Rich history, age-old traditions deepen character of Baylor's campusNov. 12, 1997
Students, faculty alike relate to, respect university symbols, monuments from years ago
By Mo Sadjadpour
Reporter for The Baylor Lariat
The massive trees have started molting and their leaves have started to change to colors of auburn and orange. The air is chilly and there is a gentle mist upon the cool grass.
In the distance there is the reliable chime of the bells that signal 10 a.m. has arrived once again. Most of the students are scurrying to class but there are few figures that stand motionless. They watch over the campus with a sobering peace.
The Baylor campus is rich with history and tradition. We have over 150 years under our belt and with that has come wonderful monuments that bring our vivid past to the present.
'All the tradition here shows how meticulously Baylor was put together,' Ben Alexander, a Dallas junior, said. 'There is a reason behind everything at Baylor. If you walk across campus you know that there is a story behind all the monuments here.'
Judge R.E.B. Baylor, William Milton Tryon and James Huckins founded our university and their monuments watch over the campus every day, but many times they go unnoticed.
The class of 1907 left its permanent mark on campus, but many just pass by or share a conversation on their landmark. Rufus C. Burleson has tipped his hat for students on this campus. He and the famous top hat watch over Baylor day and night.
Then there are the famous carillon bells which have recently been replaced, but their rich tradition of chorals and hymns have graced the campus for years.
Last, but not least, are those ever-forgotten red granite lightposts that illuminate Baylor. Many don't know that they represent lives given in the service of this country.
Important people of the past
Behind the rich legacy of Baylor are the people who have formed the history on our campus.
'So many of the people that have made Baylor's tradition and history rich have a love for Baylor. It was and is a special place to people,' Dr. Alton Hassell, professor of chemistry, said.
William Milton Tryon, James Huckins and Judge Baylor had an idea long ago of a Baptist university. This dream was realized and transformed into what we have today.
These three men have not left Baylor. They watch over the students everyday. Judge Baylor is perched among the trees watching students as they attend Chapel Forum. Tryon and Huckins light up the campus with their presence along either side of Baylor. Their figures have been transformed into granite pillars that back the judge.
Symbols from the students
These men are not the only ones that light up Baylor campus. William Silver Edgar lights up Fountain Mall every day and Robert Warren illuminates the courtyard by the Carroll Science Hall. These two men, along with 123 other Baylor men and women, made the supreme sacrifice in World War II. Now they stand as the honor guard at Baylor in the form of red granite light posts.
This first group of light posts was dedicated on Oct. 25, 1946. A plaque engraved with the name of someone who died was attached to every post .
As the size of campus grew, additional lightposts were erected to commemorate the death of other loved ones.
'The lamposts on campus are important to me because they bear the names of many of my friends who fought in the Korean War and lost their lives,' Dr. William Hillis, vice president of student life, said.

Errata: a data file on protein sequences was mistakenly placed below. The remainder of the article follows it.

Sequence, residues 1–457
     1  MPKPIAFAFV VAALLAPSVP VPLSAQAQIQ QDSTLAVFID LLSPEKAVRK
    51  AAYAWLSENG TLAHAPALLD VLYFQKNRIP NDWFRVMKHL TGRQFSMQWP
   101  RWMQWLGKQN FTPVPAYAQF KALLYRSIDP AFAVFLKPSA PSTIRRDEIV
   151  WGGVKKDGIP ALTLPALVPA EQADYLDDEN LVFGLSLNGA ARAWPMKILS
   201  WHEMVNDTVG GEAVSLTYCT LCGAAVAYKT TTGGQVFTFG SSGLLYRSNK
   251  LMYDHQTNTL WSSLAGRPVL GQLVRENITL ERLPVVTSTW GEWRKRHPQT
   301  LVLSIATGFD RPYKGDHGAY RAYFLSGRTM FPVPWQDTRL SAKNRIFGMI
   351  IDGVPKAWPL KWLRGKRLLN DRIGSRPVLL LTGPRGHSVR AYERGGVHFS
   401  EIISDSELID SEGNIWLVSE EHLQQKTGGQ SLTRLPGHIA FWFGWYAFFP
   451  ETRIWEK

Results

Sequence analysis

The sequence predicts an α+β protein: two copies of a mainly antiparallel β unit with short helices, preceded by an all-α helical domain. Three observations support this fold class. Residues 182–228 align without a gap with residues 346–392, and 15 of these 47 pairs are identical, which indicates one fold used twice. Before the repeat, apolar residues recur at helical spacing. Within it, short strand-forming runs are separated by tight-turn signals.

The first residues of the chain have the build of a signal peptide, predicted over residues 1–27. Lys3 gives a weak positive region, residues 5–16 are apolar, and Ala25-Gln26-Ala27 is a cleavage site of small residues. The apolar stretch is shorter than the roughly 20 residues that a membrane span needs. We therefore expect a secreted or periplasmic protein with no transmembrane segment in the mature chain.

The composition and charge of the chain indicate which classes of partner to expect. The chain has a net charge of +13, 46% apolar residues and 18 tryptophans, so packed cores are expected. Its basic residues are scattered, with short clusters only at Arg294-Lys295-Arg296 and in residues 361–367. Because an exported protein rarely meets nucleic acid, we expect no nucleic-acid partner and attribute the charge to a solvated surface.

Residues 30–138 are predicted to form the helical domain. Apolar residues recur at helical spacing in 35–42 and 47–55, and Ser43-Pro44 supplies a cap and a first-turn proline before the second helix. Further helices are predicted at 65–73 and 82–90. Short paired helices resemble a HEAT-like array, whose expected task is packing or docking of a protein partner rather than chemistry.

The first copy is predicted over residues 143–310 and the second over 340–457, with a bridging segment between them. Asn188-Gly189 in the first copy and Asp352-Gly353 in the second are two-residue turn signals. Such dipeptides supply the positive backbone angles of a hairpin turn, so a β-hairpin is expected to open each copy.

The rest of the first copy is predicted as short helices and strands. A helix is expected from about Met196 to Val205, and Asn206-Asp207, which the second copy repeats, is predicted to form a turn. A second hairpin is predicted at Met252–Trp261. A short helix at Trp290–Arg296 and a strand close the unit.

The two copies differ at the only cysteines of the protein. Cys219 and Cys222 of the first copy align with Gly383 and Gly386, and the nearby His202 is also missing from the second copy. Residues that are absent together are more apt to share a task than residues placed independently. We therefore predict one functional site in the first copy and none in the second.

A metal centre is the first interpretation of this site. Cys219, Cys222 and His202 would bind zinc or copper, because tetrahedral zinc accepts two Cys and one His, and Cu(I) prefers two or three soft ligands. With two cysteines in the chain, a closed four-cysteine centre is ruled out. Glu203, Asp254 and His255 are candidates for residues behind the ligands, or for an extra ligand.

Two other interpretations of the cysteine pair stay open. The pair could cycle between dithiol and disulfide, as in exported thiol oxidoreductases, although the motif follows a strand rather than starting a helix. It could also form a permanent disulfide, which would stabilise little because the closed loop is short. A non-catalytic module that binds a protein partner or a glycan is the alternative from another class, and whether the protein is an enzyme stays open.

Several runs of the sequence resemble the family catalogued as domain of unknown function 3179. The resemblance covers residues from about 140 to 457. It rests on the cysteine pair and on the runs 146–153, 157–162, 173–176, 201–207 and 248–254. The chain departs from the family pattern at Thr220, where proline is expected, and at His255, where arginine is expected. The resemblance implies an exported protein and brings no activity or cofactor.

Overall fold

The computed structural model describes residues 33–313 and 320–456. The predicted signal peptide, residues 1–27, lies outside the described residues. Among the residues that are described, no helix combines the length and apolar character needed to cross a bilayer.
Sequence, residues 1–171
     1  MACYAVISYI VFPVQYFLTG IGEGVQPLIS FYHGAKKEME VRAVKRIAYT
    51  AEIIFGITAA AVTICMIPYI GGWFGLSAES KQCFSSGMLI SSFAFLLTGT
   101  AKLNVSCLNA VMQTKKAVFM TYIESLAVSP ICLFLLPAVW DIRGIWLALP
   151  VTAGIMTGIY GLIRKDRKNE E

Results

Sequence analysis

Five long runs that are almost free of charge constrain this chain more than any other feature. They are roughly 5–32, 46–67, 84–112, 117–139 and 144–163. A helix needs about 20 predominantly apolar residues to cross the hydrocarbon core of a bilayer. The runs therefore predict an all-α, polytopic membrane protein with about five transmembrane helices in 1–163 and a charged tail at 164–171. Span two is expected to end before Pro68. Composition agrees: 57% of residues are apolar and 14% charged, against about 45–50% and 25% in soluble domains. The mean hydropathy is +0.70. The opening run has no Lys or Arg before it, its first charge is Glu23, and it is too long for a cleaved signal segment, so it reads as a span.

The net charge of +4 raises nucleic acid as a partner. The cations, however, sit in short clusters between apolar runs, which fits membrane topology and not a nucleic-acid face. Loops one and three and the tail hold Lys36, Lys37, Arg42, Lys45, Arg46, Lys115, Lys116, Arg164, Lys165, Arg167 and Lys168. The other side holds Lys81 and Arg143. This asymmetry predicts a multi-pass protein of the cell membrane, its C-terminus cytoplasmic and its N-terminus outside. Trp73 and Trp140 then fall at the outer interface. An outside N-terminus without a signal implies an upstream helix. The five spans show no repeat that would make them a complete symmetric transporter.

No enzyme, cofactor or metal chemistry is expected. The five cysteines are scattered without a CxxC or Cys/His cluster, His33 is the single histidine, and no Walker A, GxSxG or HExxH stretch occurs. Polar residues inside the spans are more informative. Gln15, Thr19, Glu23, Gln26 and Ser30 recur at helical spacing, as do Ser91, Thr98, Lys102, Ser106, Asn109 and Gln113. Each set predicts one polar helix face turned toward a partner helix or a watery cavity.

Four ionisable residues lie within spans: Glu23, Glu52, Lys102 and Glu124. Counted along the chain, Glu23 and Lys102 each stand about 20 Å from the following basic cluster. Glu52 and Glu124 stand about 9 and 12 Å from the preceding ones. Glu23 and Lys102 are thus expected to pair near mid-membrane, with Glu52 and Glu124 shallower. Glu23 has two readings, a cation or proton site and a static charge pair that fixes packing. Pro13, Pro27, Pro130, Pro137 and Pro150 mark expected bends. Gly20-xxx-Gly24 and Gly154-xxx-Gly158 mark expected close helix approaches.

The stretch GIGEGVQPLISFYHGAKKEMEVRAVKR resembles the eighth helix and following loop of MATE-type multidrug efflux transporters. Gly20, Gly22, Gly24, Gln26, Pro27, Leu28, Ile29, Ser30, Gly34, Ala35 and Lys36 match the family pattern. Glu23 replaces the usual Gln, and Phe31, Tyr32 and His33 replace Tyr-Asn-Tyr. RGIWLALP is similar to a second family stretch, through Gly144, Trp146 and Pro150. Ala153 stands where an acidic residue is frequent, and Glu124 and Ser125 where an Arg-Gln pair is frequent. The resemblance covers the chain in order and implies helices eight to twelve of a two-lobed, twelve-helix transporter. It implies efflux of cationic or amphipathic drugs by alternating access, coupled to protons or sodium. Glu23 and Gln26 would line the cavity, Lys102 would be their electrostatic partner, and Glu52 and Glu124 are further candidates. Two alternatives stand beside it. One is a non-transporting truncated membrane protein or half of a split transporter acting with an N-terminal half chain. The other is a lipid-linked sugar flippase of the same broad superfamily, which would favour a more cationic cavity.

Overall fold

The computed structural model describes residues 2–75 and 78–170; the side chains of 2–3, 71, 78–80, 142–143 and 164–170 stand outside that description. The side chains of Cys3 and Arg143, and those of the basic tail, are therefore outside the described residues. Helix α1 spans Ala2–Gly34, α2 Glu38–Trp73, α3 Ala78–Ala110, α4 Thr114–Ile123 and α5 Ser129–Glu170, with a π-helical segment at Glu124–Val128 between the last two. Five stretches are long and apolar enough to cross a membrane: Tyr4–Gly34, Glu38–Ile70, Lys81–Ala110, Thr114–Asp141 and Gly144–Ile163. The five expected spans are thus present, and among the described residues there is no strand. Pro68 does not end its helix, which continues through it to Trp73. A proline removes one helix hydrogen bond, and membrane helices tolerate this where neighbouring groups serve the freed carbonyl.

Another symbol of the students on this campus is the granite bench that rests beside Carroll Hall. The thing that makes this landmark so significant is its age. This year it turned 90. It is nearly half as old as our country and has graced the seats of six different Baylor presidents. It has also survived two world wars and some serious renovations and construction all around it. This is a lasting symbol of the students of Baylor.
Across the way from the bench is the statue of Rufus C. Burleson, one of the 11 former presidents of our university. His presence on this campus has lasted far beyond his years.
On his commemorative statue is the hat that Burleson holds. The hat is presently filled in with cement.
Originally it was empty, but long ago the infamous NoZe Brothers thought it would be funny to call the fire department and proclaim, 'Burleson's on fire!' 'Burleson's on fire!'
The fire department showed up thinking the actual building was on fire, only to find a few smoldering ashes in the top hat.
The NoZe Brothers had filled the hat with leaves and set it ablaze. No harm was done, but the fire department thought the problem should be solved and therefore the hat was filled with cement.
One of the unseen but always heard landmarks at Baylor are the carillon bells.
They can be heard everyday and they have been key in forming present and past student experiences at Baylor.
Dr. Hillis said when he was a student, he heared the hymns played by the bells and they reminded him that God was watching over him.
'The bells represent more than music but penetrate right through the heart,' Hillis said.
The Drayton McClane family and the McClane Company recently gave Baylor 48 new bronze bells that rest in Pat Neff Tower. These new bells will play hymns into the next century and carry a rich tradition on.
These traditions and many more can be read about in depth in a pamphlet that Baylor puts out as well as in the Student Foundation Handbook, which gives in-depth information on the history of Baylor.
Each year men and women will return to their alma mater and see the rich tradition of the university and the permanent windows of our past will be here to greet them.
Copyright © 1997 The Lariat
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